needs a right to archive
A group of leading libraries has warned that the UK's
online heritage could be lost forever if the government does not grant a
"right to archive".
The British Library, along with other institutions, has
been archiving UK websites since 2004 but has only been able to cover 6,000 of
an estimated 8m. This is because the law requires that they ask permission
from from website owners before archiving them. The group, which has just made its UK Web Archive
available to the public, warned of "a digital black hole" developing
because website owners often are difficult to contact.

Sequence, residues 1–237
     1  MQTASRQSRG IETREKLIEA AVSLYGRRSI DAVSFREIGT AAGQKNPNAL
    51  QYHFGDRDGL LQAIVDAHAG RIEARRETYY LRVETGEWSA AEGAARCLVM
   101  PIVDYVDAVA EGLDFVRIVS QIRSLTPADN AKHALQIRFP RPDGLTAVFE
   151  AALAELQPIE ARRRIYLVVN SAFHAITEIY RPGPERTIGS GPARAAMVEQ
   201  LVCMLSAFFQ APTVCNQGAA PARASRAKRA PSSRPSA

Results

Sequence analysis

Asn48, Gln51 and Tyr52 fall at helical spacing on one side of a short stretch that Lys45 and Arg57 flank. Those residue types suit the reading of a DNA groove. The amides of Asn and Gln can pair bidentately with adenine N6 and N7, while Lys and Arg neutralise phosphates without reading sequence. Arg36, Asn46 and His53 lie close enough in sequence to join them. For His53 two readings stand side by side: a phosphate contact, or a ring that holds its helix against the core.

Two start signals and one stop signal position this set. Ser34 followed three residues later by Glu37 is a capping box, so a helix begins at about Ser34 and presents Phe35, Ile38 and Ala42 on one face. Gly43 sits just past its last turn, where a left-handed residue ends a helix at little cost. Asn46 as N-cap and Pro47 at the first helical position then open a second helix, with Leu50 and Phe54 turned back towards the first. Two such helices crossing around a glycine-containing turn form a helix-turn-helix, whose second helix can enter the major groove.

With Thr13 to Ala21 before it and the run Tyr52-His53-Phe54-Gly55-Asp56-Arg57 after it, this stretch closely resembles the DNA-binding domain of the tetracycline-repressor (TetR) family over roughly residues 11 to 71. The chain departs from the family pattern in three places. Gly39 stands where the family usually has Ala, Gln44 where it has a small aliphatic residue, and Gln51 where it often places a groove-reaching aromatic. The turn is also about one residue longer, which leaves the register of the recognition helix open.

The British Library said that it was archiving for the nation rather than commercial
gain and its Web Archive could prove as useful to historians as ancient
pamphlets and other ephemeral material in its archive. The most
ephemeral material from the past contains the most social detail - such as
graphic design, and literacy. Websites are the successor to that British Library spokesperson said.
She added that the UK Web Archive project was necessary
to help "avoid the creation of a 'digital black hole' in the nation's
memory". The average life expectancy of a website is 44 to 75 days, and suggested that at least
10% of all UK websites were either lost or replaced by new material every six